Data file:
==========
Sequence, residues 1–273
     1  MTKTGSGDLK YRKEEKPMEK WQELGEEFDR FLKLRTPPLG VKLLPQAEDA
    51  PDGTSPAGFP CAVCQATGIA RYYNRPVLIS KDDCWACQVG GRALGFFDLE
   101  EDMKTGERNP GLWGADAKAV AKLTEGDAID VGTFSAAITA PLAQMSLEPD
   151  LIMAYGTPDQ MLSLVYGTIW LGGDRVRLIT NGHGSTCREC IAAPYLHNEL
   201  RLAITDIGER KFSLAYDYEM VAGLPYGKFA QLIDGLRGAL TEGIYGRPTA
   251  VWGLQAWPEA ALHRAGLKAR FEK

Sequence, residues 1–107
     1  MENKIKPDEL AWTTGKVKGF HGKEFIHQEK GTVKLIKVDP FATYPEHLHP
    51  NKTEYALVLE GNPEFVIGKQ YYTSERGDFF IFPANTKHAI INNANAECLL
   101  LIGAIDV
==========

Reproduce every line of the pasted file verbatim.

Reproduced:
Sequence, residues 1–273
     1  MTKTGSGDLK YRKEEKPMEK WQELGEEFDR FLKLRTPPLG VKLLPQAEDA
    51  PDGTSPAGFP CAVCQATGIA RYYNRPVLIS KDDCWACQVG GRALGFFDLE
   101  EDMKTGERNP GLWGADAKAV AKLTEGDAID VGTFSAAITA PLAQMSLEPD
   151  LIMAYGTPDQ MLSLVYGTIW LGGDRVRLIT NGHGSTCREC IAAPYLHNEL
   201  RLAITDIGER KFSLAYDYEM VAGLPYGKFA QLIDGLRGAL TEGIYGRPTA
   251  VWGLQAWPEA ALHRAGLKAR FEK

Sequence, residues 1–107
     1  MENKIKPDEL AWTTGKVKGF HGKEFIHQEK GTVKLIKVDP FATYPEHLHP
    51  NKTEYALVLE GNPEFVIGKQ YYTSERGDFF IFPANTKHAI INNANAECLL
   101  LIGAIDV